Most lighting effects and changes that a smart outdoor light should produce in response to the control input necessitate dimming of the LEDs, which needs to be accomplished by the LED driver. An LED driver may be designed to provide analog or digital dimming of the connected LEDs. Analog dimming operates by varying the amplitude of the output current. This technique is known as constant current reduction (CCR). CCR applies only to constant current LED drivers. Digital dimming is accomplished through pulse-width modulation (PWM) and supports both constant current and constant voltage applications. Analog dimming is commonly used in executing tasks that involve only intensity adjustment, such as those intended for achieving energy savings. PWM dimming allows for smooth, accurate and color-stable intensity control over a full range from 100% to 0%. In constant current systems, it is often used in color mixing applications that require accurate dimming control of each LED channel.
The LED driver is operated by a light controller which leverages its computing, data acquisition, and networking competence to make “smarts” reside in the luminaire. A controller integrates the microprocessor, computer memory, network interface and input/outputs to communicate and interact with control devices and other smart nodes in the network, aggregate sensor information, handle all the number crunching and decision-making, and originate commands to the LED driver. The logic of making control decisions can be based on the programmed algorithms embedded in the controller, acquired from a cloud platform, or automatically learnt from the environment through motion detection and daylight harvesting.
The communication capability of the light controller is provided by a transceiver which typically implement wireless protocols to enable data exchange. The choice of protocol is driven by considering several factors such as the size of installation, interoperability, scalability and security. Wireless communication protocols of common use include Wi-Fi, ZigBee and Bluetooth. ZigBee offers incomparable scalability and interoperability between heterogeneous devices in one network. On the other hand, Bluetooth Mesh, which is also low power, self-organizing and self-healing, is gaining market momentum for connecting smart devices. Wi-Fi has the exclusive privilege of ubiquitous presence and direct connectivity with smartphones and tablets, although it is fundamentally deficient in scalability and interoperability.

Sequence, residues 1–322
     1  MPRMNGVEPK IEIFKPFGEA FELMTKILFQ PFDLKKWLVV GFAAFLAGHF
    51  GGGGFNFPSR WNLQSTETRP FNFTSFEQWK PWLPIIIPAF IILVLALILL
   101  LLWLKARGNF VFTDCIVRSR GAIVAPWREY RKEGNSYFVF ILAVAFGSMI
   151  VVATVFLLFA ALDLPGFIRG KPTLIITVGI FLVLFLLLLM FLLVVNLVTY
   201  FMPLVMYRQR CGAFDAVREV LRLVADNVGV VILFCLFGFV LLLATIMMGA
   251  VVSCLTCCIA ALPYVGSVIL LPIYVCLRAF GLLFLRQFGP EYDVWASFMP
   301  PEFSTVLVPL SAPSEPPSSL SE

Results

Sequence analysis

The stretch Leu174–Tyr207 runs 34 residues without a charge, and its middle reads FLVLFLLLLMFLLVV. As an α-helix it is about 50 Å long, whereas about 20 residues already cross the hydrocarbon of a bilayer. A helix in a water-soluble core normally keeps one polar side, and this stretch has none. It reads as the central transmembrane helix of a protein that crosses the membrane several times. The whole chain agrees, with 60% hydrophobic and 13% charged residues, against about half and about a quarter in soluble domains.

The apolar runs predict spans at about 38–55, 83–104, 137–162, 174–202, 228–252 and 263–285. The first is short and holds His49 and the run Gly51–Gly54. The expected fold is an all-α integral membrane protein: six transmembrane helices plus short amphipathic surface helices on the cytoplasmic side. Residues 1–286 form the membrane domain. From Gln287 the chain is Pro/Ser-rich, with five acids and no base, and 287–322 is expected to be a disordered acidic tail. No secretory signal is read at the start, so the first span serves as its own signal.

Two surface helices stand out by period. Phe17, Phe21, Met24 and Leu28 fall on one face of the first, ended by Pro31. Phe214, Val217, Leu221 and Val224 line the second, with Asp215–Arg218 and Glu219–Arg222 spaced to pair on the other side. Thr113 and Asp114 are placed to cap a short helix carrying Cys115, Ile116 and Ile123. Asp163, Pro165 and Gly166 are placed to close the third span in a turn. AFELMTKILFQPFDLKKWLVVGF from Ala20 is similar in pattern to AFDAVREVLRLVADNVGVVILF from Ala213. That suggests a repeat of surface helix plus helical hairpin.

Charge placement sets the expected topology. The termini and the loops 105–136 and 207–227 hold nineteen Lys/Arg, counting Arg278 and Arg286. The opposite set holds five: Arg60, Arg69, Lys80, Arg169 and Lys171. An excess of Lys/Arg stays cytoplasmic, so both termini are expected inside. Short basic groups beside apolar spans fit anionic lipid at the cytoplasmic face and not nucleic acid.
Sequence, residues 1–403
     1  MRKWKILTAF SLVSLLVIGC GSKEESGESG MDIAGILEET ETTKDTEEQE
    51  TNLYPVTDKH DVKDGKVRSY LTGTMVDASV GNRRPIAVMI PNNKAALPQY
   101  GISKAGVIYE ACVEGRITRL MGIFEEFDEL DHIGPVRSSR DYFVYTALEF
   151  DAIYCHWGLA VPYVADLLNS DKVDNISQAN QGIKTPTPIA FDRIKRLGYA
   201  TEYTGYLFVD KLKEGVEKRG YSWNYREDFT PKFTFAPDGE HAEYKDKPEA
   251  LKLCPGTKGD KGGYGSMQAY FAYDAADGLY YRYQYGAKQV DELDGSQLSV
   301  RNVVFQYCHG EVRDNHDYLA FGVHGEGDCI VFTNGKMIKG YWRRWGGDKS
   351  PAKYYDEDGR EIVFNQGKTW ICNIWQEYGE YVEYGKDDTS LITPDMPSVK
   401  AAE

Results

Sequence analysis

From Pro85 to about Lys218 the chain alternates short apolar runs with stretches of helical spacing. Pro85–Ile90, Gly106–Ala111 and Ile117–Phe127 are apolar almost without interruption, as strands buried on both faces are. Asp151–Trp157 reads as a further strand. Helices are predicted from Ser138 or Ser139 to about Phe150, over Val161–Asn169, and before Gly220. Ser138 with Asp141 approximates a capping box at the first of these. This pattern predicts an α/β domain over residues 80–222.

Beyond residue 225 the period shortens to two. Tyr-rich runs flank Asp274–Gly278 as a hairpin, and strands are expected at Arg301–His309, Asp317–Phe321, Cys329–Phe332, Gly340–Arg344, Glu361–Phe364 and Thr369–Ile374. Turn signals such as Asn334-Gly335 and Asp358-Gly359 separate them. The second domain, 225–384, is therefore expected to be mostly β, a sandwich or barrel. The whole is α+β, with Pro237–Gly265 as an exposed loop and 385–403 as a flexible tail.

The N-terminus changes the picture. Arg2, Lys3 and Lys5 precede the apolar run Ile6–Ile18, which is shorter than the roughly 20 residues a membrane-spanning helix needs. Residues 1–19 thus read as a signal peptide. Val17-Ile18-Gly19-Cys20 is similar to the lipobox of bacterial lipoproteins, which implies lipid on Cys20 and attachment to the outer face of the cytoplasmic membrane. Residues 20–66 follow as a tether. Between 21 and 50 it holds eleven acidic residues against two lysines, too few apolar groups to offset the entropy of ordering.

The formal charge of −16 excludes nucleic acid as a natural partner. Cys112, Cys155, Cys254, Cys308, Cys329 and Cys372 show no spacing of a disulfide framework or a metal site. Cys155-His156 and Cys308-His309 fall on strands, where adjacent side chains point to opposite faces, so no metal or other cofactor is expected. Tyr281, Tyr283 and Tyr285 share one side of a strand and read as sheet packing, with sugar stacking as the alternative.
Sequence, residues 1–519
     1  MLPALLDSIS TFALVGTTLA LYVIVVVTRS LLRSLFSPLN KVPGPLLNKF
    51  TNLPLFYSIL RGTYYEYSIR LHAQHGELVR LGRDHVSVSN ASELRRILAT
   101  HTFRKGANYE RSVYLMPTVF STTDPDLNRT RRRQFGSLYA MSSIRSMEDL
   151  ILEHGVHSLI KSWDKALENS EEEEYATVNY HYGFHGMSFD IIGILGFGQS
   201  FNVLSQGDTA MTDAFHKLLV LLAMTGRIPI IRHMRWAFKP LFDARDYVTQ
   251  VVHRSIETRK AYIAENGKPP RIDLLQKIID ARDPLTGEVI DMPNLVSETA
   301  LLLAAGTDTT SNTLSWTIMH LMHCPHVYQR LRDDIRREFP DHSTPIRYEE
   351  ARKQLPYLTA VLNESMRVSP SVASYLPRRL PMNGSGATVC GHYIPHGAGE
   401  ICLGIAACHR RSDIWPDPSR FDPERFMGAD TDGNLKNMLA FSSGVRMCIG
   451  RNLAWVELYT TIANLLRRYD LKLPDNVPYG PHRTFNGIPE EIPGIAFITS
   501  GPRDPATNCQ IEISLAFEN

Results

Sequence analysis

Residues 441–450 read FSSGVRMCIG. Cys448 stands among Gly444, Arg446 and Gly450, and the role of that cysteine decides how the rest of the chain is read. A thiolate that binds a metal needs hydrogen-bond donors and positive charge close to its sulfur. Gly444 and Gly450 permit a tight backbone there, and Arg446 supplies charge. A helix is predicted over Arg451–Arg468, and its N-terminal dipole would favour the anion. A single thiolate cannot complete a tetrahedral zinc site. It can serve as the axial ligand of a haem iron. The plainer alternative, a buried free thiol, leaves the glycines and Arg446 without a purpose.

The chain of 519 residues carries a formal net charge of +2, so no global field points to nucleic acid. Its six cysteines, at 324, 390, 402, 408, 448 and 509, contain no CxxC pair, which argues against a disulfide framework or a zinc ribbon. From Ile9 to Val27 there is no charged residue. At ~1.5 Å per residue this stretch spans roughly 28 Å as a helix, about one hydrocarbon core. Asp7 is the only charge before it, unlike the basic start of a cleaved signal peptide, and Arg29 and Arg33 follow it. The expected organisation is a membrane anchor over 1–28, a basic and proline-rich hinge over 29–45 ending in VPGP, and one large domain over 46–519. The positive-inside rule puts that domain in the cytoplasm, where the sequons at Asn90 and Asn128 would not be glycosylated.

Smart lighting puts the power to control, automate, and optimize lighting in the palm of your hand. Mobile applications run on iOS or Android devices enable people to configure scenes, program instructions, operate triggers, activate geofencing, and manage groups from anywhere in the world. The ability to enhance security and influence the atmosphere with smart outdoor lighting is probably the first thing people are drawn to. A smart outdoor light can stand in its own right to provide deterrence against intruders by creating a sudden burst of light upon the detection of movement in pre-defined areas. Vacation mode which is intended to mimic your presence can easily be programmed with a smartphone app. Dynamic lighting scenes and intricate color patterns can be programmed intuitively on the mobile app to improve the attractiveness, atmosphere and ambience of outdoor the environment.
Smart outdoor lights aren’t just controllable with smartphone or tablet apps. Voice assistants such as Amazon Echo and Google Home can be used to relay your commands. Integrating smart luminaires with third-party applications such as IFTTT can multiply smart lighting features and create cool automation recipes.